It would seem one of the most popular drinks originating from Russia also plays a big factor in the death rate. The latest results of a decade long study conducted by Russian Cancer Research Center in Moscow, WHO International Agency for Research on Cancer and Oxford University UK have concluded that huge amounts of alcohol consumption, mainly vodka, is related to so many men dying before the age of 55.
Compared to the UK where only 7% of men die before 55, Russia retains a much higher percentage of 25%. According to the study which followed 151 000 participants for the last 10 years, the main reason for this significant difference is mainly due to excess drinking. Alcohol poisoning, liver failure, drunk driving and fights while intoxicated can most probably be linked with the 8000 people who died within the course of the study.
After interviewing the participants the research team concluded that a much higher risk is linked to those who consume three or more bottles per week as supposed to those who drink less than one bottle. A former study has been published in The Lancet 5 years ago by the same institutions based on 49 000 family members who lost loved ones in three typical cities (Tomsk, Byisk and Barnaul).
The families of the deceased were interviewed regarding drinking and smoking habits of the departed in order to get more clarity on the subject. It is safe to say that over the last 30 years Russia has seen various restrictions being implemented and uplifted with the changes in government. Presidents Yeltsin, Gorbachev and Putin (currently in office) all had their own respective opinions on how to handle the situation, leading to a fair amount of instability.
The research team also found that when alcohol restrictions were in place, consumption and death rates soon followed on a more positive note. The consumption rate alone dropped with 25%. With the fall of communism these figures were short lived so-to-speak and once again consumption and death started to escalate. In the course of Yeltsin’s reign the figure for young men dying doubled in light of the collapsing society and more readily available vodka.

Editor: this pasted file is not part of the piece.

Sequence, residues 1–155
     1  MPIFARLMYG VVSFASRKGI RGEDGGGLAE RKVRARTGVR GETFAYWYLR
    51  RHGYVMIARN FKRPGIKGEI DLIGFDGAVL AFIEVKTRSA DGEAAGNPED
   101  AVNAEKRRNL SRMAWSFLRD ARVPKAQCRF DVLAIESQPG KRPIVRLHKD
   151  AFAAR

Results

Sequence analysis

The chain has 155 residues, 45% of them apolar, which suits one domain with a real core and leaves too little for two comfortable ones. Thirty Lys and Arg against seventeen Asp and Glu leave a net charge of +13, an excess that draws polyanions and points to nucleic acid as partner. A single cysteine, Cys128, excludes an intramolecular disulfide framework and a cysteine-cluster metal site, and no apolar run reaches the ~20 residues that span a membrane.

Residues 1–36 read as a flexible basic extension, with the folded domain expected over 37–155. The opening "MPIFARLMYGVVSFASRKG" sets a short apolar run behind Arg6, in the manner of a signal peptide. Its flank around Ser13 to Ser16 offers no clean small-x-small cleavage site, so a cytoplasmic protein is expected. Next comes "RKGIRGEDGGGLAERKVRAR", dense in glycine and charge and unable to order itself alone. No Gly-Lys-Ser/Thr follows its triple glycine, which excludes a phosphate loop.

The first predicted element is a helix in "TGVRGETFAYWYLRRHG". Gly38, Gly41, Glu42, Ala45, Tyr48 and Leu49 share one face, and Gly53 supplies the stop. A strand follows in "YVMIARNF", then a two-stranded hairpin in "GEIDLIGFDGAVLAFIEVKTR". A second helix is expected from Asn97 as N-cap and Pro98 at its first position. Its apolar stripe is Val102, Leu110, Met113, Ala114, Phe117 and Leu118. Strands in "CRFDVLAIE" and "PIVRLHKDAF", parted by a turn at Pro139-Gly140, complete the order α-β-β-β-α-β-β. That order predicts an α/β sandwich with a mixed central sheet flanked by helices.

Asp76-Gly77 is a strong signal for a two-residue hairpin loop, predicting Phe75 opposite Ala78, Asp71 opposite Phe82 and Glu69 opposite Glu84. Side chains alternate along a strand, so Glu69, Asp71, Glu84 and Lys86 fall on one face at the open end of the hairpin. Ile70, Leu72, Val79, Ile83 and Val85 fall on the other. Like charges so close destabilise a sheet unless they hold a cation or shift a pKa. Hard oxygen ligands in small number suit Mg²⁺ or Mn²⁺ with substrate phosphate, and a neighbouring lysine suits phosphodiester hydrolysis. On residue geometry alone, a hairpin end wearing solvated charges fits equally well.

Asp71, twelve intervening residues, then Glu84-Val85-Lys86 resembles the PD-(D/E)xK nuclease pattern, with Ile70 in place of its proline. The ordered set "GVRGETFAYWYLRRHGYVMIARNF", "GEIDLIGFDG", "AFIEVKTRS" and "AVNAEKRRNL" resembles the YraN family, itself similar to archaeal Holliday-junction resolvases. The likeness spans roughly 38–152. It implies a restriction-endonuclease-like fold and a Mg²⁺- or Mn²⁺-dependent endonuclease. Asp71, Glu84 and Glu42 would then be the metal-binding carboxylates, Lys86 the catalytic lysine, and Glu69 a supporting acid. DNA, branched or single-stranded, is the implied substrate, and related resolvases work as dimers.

Although the women of Russia also have a share in the statistics, their drinking habits are far less resulting in much lower death rates. However, it hasn’t always been stable and has followed the same pattern of raising and falling over the course of leadership. Co-author Dr. Paul Brennan was quoted saying that the changing habits from heavy drinkers to light drinkers and vice-versa, causing differences in the mortality rate they observed, highly underestimates the real danger of continual heavy drinking.
The same study shows that most of the people who drank were smokers. It goes without saying that this only encouraged the already high fatality rates. In 2006 the country decided to take more control of the situation, especially in the case of alcohol. Within these measures they implemented sales restrictions and increased taxes in hopes of acting as a safeguard.
Luckily their methods had some effect and research shows a decrease in death rates. What used to be a 37% fatality rate for men under 55 has fallen to 25%. This latest study has been published on 31 Jan 2014 in The Lancet.